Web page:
James Talley was 29 when he recorded his debut album in 1973. The title summed up his station. He had been a songwriter for Atlantic under producer Jerry Wexler, but mostly worked as a carpenter to support his family. He had never set foot in a radio station; the country music he loved most was fused with familial memories of Oklahoma, Washington and New Mexico—shack porch string-bands and barn dance Western swing. Pete Seeger had told him to write about the world he knew, and so he did. The sound and spirit of the album that resulted, Got No Bread, No Milk, No Money, But We Sure Got A Lot of Love, wasn’t nostalgic; Tally’s western memories were more real and rich with promise than his Music City home.
With the exception of legendary fiddle player Johnny Gimble, the 20 musicians who gathered for the Got No Bread sessions were mostly unknown (including a young John Hiatt) and they played on spec. Talley bartered for the studio time. The sound couldn’t be less hurried. The string arrangements glowed, as if answering countrypolitan’s excesses, and the spaces between lines contained lifetimes. “Take me from destruction, the anger and the pain,” Talley sang on the final song. His voice and words seemed to make the present and the future—from the aftermath of Vietnam to uncertain house payments—go away.
The cover of the album featured a black-and-white photo that could have been taken by a camera placed on a brick and set to automatic. Talley smiles as he leans against a cinder block store (“Talley’s Grocer” the sign says, but there was no relation), his arm around a very pregnant Jan Talley, their son Reuben James playing before scrub grass and a truck tire. Capitol, Talley’s record label, wasn’t releasing this kind of country. No one was. The album sold around 5,000 copies before being deleted in 1979.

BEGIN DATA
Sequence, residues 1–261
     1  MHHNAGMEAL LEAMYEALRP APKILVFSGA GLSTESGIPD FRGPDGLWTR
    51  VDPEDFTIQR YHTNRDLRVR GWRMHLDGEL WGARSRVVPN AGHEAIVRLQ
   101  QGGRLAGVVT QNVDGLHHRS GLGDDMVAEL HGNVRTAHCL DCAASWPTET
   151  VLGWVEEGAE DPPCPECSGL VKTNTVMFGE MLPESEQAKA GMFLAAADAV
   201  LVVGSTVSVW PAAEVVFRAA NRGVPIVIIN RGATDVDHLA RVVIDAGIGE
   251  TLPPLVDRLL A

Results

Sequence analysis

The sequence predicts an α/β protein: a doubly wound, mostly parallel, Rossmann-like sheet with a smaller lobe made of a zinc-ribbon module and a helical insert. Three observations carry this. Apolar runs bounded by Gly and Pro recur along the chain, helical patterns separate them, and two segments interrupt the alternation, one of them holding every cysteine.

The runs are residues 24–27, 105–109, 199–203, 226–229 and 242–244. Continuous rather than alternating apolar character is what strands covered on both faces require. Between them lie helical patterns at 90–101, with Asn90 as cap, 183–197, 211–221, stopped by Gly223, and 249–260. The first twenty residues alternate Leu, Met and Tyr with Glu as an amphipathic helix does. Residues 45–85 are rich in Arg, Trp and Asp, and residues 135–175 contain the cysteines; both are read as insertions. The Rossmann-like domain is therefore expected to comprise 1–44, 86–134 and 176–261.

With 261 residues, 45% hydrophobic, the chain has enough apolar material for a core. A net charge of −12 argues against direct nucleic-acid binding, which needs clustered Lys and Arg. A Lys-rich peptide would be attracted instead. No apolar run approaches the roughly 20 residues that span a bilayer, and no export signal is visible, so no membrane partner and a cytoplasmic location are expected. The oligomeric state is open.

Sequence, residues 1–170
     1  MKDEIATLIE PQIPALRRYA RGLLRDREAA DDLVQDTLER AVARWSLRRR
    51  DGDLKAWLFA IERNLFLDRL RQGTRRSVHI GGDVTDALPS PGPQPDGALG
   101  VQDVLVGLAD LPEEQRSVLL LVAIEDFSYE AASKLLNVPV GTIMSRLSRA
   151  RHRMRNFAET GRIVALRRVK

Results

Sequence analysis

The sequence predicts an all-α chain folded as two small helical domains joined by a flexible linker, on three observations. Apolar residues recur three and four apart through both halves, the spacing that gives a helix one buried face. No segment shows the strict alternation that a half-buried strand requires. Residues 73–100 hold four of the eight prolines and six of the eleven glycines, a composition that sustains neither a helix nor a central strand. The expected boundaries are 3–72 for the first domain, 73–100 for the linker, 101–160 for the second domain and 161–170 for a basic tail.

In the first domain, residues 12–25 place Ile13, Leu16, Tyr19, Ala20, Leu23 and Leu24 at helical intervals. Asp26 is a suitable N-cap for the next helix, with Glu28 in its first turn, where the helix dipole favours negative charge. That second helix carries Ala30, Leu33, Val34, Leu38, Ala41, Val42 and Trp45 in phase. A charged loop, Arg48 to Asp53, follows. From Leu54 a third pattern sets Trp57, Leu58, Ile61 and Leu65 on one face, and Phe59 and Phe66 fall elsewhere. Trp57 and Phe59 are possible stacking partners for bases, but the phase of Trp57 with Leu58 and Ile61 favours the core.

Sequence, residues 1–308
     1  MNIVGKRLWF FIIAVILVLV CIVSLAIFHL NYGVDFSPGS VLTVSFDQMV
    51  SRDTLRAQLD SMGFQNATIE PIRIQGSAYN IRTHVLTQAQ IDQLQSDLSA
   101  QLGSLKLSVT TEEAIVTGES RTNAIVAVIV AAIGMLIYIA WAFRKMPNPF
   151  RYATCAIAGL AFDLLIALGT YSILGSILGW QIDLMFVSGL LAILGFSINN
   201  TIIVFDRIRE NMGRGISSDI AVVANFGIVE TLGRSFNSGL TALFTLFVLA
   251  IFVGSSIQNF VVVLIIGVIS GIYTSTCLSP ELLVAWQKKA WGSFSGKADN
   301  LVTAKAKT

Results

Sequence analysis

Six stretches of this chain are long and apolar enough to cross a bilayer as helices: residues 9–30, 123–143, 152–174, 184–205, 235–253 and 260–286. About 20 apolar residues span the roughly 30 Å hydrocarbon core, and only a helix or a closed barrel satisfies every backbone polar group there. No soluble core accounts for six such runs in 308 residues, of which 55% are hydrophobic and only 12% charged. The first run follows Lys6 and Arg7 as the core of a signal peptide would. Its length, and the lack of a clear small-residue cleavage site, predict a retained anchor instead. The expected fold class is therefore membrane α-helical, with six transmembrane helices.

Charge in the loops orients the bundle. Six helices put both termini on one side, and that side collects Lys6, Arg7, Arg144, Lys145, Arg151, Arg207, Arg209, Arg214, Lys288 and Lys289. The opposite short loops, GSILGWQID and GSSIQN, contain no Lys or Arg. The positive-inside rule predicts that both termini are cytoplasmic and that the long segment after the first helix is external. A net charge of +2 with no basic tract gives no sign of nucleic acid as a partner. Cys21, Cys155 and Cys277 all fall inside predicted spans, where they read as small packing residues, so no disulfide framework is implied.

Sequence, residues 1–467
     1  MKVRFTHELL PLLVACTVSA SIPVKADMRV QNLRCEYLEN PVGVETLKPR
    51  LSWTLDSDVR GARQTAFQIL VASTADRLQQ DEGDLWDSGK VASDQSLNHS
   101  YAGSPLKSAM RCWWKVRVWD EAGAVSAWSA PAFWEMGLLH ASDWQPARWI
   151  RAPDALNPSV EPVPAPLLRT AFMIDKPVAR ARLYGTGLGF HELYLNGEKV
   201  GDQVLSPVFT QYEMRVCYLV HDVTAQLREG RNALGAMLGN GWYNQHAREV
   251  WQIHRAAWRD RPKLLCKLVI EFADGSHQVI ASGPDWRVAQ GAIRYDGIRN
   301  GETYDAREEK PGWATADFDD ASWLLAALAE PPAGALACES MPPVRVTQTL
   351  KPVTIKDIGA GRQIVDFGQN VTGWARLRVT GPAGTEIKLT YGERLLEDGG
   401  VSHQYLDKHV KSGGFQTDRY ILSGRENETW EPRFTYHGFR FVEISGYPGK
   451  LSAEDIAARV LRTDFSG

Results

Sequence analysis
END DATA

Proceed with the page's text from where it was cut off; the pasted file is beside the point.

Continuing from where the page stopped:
That wasn’t a surprise, but the response from three of the counterculture’s best rock-oriented critics at the time, Greil Marcus, Robert Christgau and Peter Gurlanick, was. Talley had never met or even heard of these young writers, and his debut bore no pop or rock traces, yet Marcus responded to the depth of emotion, while Christgau captured the album’s commercial context, or lack thereof: “[T]o market it as ‘country’ is to miss how perspicaciously it looks beyond such categories.”
Thirty years on, the album’s lack of pretension or artifice remains its key. “Pure” is the word most often used to describe it, but the music restores meaning to that sanctimonious plaudit. The swing is so subtle you could miss it; likewise the wit of Talley’s songwriting and the warmth of his tenor. The album’s influence is quiet but significant. Steve Earle’s Train a Comin’ and John Hiatt’s Slow Turning owe the record a palpable debt.
“When Jan and I were first married, we didn’t have a pot to piss in or a window to throw it out of,” Talley recalls. “I probably went to the refrigerator one night, saw that we had no bread and no milk and no money to buy any. But we did have love.” And music, which after decades locked in Capitol’s vaults, still sounds like the most unexpected, generous gift.